Ghana’s Jubilee oil field said to contain 1.2 trillion cubic feet of gas
There are 1.8 billion barrels of crude oil (recoverable reserves) in the Jubilee field, making it the single biggest in Africa and second in the world.
Mr Mohammed Amin Adams, a member of Civil Society Organisation Platform for Oil and Gas and coordinator of Publish What You Pay, a non-governmental organisation, said these at a forum on Oil and Gas on the theme: “Community sensitization in forum with stakeholders on Oil and Gas”, at Half Assini in the Western Region.
It was jointly organised by the Christian Council of Ghana (CCG) and the Pentecostal Churches of Ghana (PCG) for religious leaders, chiefs and members of identifiable groups in and around Half Assini.
Mr Adams, who was speaking on the topic: “Oil and gas find, analyses and emerging issues” said “if corrupt people manage the oil and gas industry, it would be a curse for Ghana”.
He said the right economic security for communities that would be directly affected by the oil exploration, must be addressed to ensure sustainable development and prevent oil nationalization, which may give rise to unintended consequence.
Mr Adams said Ghana would earn 52 percent of its national revenue from oil and gas in the Jubilee field by 20 year’s time.
He said the Jubilee field would be profitable to Ghana since the total investment including the cost of the Float Production storage and Offloading was 4 billion US dollars.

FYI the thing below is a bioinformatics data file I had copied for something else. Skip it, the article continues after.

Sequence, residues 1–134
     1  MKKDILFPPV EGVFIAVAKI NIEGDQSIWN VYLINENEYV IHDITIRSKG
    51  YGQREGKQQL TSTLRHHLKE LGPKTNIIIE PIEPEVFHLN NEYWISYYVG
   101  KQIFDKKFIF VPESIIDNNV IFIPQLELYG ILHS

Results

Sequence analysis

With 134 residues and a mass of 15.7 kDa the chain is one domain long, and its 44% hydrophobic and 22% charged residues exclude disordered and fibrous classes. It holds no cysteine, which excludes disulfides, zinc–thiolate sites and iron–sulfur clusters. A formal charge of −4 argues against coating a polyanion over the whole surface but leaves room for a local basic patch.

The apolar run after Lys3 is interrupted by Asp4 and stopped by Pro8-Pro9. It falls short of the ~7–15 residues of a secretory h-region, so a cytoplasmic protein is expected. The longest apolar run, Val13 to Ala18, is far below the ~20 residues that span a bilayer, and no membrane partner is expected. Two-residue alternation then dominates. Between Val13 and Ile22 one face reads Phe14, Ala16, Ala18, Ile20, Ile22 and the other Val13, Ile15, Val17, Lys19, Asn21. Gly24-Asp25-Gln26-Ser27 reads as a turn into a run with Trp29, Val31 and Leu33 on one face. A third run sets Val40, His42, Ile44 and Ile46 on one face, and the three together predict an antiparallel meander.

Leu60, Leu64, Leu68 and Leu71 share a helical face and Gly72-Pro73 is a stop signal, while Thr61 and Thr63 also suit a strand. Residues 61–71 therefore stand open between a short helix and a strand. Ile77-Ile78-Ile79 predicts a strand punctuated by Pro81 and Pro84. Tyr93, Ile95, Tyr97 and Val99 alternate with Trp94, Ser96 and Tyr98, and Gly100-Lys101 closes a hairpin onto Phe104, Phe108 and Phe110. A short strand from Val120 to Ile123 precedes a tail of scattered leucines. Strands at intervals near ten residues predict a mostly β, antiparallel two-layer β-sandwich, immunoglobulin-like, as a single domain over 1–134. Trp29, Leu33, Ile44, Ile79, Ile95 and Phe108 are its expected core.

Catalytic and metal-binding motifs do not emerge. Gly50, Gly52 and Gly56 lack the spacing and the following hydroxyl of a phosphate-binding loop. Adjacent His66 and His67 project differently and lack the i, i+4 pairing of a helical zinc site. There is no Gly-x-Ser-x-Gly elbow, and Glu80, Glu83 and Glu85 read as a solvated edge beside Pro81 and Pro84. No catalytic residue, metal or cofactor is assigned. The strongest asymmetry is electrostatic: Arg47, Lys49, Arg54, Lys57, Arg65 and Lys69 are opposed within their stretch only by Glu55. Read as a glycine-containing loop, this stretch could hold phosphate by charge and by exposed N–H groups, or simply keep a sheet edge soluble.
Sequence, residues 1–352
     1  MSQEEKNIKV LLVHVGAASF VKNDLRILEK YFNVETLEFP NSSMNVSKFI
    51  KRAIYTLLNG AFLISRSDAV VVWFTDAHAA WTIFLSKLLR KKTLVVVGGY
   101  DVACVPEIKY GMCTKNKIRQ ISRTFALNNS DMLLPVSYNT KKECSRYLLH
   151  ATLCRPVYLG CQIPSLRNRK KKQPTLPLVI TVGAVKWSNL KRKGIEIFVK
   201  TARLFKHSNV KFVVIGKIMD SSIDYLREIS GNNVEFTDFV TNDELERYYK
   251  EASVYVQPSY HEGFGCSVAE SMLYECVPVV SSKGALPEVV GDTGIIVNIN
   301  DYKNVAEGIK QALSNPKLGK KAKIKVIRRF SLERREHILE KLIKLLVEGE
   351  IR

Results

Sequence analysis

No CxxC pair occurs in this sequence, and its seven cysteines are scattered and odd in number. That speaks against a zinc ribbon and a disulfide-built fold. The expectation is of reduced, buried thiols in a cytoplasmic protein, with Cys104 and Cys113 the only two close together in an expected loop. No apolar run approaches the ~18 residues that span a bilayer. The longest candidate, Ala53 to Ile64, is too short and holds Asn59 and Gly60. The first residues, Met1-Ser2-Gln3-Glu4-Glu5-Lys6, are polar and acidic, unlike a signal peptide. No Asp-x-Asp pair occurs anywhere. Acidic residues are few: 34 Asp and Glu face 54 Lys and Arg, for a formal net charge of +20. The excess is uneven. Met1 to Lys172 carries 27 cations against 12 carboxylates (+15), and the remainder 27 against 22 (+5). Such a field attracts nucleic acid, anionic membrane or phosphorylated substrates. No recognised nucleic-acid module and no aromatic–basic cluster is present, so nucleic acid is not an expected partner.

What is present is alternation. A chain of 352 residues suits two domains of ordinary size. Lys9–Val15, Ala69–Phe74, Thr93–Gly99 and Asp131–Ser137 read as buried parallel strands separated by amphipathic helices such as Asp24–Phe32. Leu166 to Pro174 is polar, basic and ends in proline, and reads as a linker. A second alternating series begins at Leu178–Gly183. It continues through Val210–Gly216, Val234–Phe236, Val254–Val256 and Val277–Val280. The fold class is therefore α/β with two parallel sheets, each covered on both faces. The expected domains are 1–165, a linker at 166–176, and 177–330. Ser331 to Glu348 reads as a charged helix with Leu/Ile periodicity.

According to Mr Adams, by 2020, 90 percent of workers in the Oil industry would be Ghanaians and the oil companies would contribute towards their training.
Reverend Dr Nii Odonkor of the CCG, who was facilitator of the forum, said that the Council and the PCG can no long be silent over exploitation of Ghana’s national resources.
He said the platform had been created for Ghana to improve upon issues affecting the oil industry in other countries.
Dr Shiloh Osae, of the Environmental Protection Agency (EPA), speaking on the topic: “Environmental Impact on Oil and Gas Production”, said that soon Ghana’s energy consumption would be shifted from fuel wood to gas.
He appealed to people living around the Jubilee field to inform the EPA about any strange environmental development along the cost.
Osahene Katakyi Busumakura III, Omanhene of Takoradi Traditional Area, said that suggestions and ideas of the participants should be considered for the oil and gas bill.
Apostle Samuel Yaw Antwi, chairman of Ghana Pentecostal Churches, advised Ghanaians not to sell their land indiscriminately to foreigners coming to the country as a result of the oil find.